"Your Voice Will Be Heard"

TEDx Talks on YouTube

One of the most surprising elements of 2016 in the media, at least to people who know nothing about modern girlhood, was the rise of Teen Vogue as a stalwart of excellent political journalism about everything from Trump's gaslighting to the Dakota Access Pipeline. It isn't really a surprise at all, though. This is a girl's world, and their voices are powerful, far-reaching, more capable of finding willing audiences than ever before.

Young women need to be open and vocal, and the world appears to be ready: some of the most popular TED talks of 2016 have been from young women on topics as diverse as sexual assault reporting, coding, and the power of misfit existence. "Seen and not heard" may be a reality for many women around the world, but it's a silence that's cracking, and girls need to be told, more than ever, that their words are powerful, their thoughts are valuable, and they deserve to communicate their ideas.

"You Are Part Of A Worldwide Community"

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Russian activists Nadezhda Tolokonnikova (L) and Maria Alyokhina and members of Russian feminist punk rock protest group Pussy Riot address the crowd from on top of a Russian military vehicle at The Park stage on the first official day of the Glastonbury Festival of Music and Performing Arts on Worthy Farm near the village of Pilton in Somerset, South West England, on June 26, 2015.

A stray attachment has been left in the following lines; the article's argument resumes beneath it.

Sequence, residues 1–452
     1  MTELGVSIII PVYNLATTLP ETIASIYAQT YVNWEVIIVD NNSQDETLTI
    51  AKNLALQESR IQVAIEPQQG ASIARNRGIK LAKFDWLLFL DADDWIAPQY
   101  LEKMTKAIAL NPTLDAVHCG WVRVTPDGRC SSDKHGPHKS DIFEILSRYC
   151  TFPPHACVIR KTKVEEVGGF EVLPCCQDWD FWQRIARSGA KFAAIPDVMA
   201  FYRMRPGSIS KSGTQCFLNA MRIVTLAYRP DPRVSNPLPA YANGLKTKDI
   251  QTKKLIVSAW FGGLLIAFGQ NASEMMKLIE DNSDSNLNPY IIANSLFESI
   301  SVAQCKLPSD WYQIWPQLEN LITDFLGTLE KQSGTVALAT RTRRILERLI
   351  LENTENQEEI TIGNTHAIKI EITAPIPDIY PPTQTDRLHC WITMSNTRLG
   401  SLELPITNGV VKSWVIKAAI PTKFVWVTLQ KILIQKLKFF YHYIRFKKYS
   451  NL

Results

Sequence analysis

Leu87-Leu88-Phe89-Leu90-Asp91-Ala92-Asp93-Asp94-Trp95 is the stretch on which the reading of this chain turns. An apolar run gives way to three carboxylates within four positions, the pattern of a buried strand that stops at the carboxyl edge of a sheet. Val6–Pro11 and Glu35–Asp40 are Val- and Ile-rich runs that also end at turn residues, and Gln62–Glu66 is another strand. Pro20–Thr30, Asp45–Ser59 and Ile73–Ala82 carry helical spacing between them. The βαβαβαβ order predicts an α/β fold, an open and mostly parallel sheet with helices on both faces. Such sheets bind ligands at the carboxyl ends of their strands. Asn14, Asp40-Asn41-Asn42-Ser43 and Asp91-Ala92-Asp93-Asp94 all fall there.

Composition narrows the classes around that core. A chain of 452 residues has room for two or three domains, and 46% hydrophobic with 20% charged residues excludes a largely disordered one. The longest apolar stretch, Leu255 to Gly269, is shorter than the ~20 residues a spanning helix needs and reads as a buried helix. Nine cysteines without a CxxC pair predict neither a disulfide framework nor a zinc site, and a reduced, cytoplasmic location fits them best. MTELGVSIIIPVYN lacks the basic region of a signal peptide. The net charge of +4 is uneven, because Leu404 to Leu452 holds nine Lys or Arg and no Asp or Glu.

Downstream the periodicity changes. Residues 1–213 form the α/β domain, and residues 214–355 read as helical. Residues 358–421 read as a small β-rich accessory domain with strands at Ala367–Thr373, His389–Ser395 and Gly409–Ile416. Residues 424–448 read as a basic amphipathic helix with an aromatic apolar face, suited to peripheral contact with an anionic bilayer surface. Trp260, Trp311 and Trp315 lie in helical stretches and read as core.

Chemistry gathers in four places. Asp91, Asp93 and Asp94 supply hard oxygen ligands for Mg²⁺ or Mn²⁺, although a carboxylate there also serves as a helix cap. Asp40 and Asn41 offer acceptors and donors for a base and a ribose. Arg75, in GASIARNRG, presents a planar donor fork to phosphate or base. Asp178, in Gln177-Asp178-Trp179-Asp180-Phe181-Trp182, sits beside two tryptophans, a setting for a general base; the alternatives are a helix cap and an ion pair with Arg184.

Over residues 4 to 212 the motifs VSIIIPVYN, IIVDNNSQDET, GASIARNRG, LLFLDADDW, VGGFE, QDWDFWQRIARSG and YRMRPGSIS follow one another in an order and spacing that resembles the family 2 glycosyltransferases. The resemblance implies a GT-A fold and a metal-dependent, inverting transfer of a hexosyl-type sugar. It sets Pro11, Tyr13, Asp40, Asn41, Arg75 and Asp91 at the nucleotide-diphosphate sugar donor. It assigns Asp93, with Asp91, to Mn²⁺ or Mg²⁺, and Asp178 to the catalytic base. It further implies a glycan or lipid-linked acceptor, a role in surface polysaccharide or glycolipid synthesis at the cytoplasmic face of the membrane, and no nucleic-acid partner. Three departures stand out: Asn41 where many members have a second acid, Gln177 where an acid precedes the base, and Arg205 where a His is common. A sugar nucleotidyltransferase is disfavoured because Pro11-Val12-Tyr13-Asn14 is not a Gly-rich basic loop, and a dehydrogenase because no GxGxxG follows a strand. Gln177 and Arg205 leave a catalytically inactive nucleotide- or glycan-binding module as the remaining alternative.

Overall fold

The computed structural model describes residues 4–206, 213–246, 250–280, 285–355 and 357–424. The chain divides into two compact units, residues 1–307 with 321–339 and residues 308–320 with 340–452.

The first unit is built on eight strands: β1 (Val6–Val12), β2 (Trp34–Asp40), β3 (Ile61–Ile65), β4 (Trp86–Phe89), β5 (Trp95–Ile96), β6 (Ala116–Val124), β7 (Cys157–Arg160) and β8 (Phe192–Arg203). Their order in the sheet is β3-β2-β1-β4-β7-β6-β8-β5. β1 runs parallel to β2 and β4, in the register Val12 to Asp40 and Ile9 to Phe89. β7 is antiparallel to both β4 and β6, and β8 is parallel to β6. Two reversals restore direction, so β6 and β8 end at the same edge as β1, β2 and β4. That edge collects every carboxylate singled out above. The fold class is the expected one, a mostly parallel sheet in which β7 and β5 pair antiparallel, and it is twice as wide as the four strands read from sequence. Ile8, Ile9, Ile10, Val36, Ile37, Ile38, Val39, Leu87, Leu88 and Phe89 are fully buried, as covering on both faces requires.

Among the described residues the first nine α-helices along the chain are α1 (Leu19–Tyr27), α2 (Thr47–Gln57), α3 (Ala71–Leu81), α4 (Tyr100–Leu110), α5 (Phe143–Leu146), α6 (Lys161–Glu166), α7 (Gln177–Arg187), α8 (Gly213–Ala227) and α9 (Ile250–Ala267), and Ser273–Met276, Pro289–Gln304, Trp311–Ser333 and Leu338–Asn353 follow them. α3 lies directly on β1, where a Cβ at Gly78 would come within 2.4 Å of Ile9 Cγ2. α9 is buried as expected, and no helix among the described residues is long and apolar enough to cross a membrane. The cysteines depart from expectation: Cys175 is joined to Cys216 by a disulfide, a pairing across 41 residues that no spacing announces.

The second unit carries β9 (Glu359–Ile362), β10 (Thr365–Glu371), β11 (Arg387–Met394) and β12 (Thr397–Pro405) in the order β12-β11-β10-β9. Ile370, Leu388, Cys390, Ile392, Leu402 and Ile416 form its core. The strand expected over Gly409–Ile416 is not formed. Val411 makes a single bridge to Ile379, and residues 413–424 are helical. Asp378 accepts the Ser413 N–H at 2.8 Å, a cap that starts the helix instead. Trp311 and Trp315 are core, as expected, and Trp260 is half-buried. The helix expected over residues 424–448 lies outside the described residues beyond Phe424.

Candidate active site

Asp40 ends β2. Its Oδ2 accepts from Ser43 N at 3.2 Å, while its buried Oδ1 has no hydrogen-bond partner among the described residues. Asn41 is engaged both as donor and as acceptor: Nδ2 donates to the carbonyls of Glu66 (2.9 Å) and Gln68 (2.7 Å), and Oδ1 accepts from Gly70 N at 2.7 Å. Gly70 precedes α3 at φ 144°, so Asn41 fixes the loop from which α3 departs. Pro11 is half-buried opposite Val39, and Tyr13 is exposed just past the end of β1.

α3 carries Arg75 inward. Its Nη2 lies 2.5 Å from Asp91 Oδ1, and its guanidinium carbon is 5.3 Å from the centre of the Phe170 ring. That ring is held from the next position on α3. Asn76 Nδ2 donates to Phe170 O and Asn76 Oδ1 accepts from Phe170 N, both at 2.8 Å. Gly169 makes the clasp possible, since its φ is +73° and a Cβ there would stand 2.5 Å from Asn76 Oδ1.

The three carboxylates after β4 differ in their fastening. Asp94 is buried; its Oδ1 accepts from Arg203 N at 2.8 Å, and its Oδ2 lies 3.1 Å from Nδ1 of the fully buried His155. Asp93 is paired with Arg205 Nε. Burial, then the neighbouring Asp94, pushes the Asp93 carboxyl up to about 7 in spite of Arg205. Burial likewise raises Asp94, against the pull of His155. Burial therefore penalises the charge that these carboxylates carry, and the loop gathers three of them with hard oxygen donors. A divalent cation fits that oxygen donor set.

There was a lot of soul-searching among the feminist community after Clinton's loss in America, but in large part, the feminist movement has rocketed out of the abyss of 2016 with empowerment, the vow to do better, to talk more, to be more intersectional, and the will to be inclusive. And girls should never feel as if, in their sense of their own power and worth, they are alone.

In 2017 more than ever, the consciousness of a global community of women supporting one another and pushing for equality, from the Million Women's March in January to lobbyists and organizations worldwide, is crucial. Whether they're in Bangladesh or Missouri, Venezuela or Australia, women fighting for a better life for women are not in this as lone actors. They are part of a global collective, full of brilliant and invigorated people pushing for a better future. Put that on your New Year's card and send it.